The first note known to have sounded on earth was an E natural. It was produced some 165 million years ago by a katydid (a kind of cricket) rubbing its wings together, a fact deduced by scientists from the remains of one of these insects, preserved in amber. Consider, too, the love life of the mosquito. When a male mosquito wishes to attract a mate, his wings buzz at a frequency of 600Hz, which is the equivalent of D natural. The normal pitch of the female’s wings is 400Hz, or G natural. Just prior to sex, however, male and female harmonise at 1200Hz, which is, as Michael Spitzer notes in his extraordinary new book, The Musical Human, ‘an ecstatic octave above the male’s D’. ‘Everything we sing’, Spitzer adds, ‘is just a footnote to that.’
Humans may be the supremely musical animal, but, with or without us, this is a musical planet. What makes us special? The answer is complex. It is partly down to physiological factors, such as the development of a vocal tract that is distinct among primates and our bipedal posture, which, Spitzer argues, gives us our unique ability to comprehend and copy rhythm. We are also capable of vocal learning, the skill of mimicking and adapting sounds to new environments and contexts, something that is beyond all but a few species of birds.
Then there is tool-making. The earliest known purpose-built musical instrument is some forty thousand years old. Found at Geissenklösterle in what is now southeastern Germany, it is a flute made from the radial bone of a vulture. Remarkably, the five holes bored into the bone create a five-note, or pentatonic, scale. Which is to say, before agriculture, religion, settlement – all the things we might think of as early signs of civilisation – palaeolithic men and women were already familiar with the concept of pitch.
Pitch is an abstraction: any given note doesn’t have a real-world referent. The existence of flutes that produce a family of fixed notes, however, suggests a developed tonal system of patterns and scales, a sense of right notes and wrong notes, a cultural and musical identity. This has evolutionary as well as cultural significance. Studies have shown that playing the music of Bach, for instance, retunes musicians’ brains. More than that, when a musician listens to their instrument – for instance, when a flautist listens to a flute – it activates the part of the brain that relates to the sense of self. Given that the human brain hasn’t changed much in forty thousand years, it isn’t hard or far-fetched to extrapolate a critical role for music in the development of human life.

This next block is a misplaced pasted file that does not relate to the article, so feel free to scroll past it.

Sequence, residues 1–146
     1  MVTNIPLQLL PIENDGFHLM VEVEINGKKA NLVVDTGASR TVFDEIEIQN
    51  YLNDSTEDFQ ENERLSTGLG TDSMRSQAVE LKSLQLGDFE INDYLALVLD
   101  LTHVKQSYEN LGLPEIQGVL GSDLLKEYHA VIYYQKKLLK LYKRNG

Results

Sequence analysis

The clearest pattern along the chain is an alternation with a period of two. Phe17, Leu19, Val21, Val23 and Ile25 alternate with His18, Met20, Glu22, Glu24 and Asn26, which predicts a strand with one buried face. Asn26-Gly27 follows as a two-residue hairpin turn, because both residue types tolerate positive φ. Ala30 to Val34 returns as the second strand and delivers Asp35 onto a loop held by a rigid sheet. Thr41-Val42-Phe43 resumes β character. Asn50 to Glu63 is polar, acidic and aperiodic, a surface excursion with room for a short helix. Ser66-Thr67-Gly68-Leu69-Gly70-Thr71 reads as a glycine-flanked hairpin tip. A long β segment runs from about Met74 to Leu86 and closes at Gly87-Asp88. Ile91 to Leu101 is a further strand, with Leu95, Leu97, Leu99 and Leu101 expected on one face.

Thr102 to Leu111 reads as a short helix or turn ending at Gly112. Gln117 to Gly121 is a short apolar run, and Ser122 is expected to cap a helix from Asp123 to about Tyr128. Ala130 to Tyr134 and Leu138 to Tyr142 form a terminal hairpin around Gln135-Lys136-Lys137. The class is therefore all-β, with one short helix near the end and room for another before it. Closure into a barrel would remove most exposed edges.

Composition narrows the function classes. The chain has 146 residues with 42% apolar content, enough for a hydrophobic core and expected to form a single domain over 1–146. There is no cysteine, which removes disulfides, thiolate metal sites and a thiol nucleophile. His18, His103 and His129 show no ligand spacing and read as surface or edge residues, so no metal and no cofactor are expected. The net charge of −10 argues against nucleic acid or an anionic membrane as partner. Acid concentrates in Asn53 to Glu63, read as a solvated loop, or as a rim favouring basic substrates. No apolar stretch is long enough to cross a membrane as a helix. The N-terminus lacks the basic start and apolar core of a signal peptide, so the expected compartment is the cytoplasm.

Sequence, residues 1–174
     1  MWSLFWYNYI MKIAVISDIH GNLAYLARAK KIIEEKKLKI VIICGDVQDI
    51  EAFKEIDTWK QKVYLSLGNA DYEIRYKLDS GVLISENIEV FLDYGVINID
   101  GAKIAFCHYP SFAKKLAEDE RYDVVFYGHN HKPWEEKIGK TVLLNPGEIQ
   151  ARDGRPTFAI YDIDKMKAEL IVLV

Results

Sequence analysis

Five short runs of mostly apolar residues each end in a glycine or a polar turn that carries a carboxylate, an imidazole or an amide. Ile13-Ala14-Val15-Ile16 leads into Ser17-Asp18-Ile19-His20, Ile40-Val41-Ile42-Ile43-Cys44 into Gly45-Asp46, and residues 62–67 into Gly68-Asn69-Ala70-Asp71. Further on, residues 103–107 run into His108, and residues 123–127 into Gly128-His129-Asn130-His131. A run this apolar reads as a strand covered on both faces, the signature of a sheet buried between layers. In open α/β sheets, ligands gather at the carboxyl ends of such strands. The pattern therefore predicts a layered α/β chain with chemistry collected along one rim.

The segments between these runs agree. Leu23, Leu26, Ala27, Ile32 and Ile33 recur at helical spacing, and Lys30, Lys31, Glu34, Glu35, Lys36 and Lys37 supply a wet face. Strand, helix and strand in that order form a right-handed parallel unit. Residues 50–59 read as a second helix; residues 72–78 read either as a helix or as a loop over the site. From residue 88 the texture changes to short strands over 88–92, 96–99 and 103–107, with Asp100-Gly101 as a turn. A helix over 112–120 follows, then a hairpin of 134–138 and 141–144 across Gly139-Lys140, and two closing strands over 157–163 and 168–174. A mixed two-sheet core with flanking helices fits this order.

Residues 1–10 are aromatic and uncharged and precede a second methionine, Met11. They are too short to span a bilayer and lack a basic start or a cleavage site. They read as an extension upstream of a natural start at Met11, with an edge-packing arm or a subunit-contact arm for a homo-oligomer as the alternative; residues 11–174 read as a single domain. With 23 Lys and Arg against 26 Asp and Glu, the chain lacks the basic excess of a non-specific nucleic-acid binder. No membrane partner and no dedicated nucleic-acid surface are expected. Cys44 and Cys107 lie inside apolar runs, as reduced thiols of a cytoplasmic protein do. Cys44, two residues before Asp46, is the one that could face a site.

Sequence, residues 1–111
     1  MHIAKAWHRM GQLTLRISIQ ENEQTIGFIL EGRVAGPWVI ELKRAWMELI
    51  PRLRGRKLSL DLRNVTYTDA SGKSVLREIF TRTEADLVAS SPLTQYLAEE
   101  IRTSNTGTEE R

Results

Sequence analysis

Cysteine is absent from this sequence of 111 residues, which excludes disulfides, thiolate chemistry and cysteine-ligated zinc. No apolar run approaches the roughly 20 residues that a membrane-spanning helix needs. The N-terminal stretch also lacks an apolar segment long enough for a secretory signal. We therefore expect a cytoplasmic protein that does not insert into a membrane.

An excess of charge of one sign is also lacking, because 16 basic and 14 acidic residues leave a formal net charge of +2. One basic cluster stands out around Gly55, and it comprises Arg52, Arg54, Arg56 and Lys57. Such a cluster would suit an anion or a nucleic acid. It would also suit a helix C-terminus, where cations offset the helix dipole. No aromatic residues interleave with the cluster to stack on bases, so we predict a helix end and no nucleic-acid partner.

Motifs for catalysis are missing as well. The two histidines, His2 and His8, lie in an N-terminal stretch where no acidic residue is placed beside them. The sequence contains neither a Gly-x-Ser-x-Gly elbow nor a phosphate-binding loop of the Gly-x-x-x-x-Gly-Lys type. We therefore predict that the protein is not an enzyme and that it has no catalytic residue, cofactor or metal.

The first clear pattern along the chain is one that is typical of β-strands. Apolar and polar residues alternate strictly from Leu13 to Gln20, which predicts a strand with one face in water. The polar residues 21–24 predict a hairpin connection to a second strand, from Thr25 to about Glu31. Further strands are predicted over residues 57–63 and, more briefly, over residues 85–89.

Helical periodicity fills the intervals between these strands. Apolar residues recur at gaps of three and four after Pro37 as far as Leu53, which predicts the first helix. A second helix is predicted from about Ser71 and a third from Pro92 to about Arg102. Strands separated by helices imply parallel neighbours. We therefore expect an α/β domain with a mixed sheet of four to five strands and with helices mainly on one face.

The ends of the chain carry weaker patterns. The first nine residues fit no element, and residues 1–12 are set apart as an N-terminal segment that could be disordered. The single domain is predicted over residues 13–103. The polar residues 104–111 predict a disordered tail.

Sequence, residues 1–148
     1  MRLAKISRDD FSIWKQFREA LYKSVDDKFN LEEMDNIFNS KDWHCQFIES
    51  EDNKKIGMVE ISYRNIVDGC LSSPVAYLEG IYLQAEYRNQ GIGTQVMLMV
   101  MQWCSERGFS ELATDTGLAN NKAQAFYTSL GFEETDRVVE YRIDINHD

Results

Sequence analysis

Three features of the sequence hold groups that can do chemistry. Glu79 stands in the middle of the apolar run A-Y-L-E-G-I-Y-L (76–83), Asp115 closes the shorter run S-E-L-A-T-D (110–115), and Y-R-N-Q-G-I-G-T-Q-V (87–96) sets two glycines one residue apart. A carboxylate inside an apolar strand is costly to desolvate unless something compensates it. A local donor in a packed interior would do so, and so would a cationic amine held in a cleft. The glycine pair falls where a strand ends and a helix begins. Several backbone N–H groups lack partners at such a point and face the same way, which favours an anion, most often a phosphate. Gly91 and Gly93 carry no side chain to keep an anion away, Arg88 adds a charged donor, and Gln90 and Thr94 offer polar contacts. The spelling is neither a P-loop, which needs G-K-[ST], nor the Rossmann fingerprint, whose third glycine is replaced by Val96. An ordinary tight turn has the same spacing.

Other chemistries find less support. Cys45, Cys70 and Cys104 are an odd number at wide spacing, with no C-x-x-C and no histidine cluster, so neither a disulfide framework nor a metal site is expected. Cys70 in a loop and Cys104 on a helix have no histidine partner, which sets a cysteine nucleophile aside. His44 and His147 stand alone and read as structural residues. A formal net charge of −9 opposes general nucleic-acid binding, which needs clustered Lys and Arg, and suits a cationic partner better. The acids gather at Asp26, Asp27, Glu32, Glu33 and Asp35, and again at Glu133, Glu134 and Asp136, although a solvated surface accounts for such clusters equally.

A few years ago, the cognitive psychologist Steven Pinker suggested that, in evolutionary terms, music is merely ‘auditory cheesecake’ – a pleasant but trivial addendum to human development. The Musical Human is, among other things, a comprehensive refutation of that idea. Spitzer, who is professor of music at the University of Liverpool, has arranged his book into three sections exploring the centrality of music to human existence in the context of human life, human history and evolution. Across all three, a range of themes emerges: music’s ability to express the inexpressible; the extent to which the development of music, particularly in the West, represents a rupture with nature; how we use music to order and explain our lives and our societies. It is peppered with fascinating thoughts, questions and insights. Ranging from the Geissenklösterle caves to K-Pop, from the lost music of the Aztecs to the role of song in hunter-gatherer societies, and drawing on a vast array of specialisations, from archaeoacoustics to ornithology, Spitzer utilises a breathtaking variety of sources.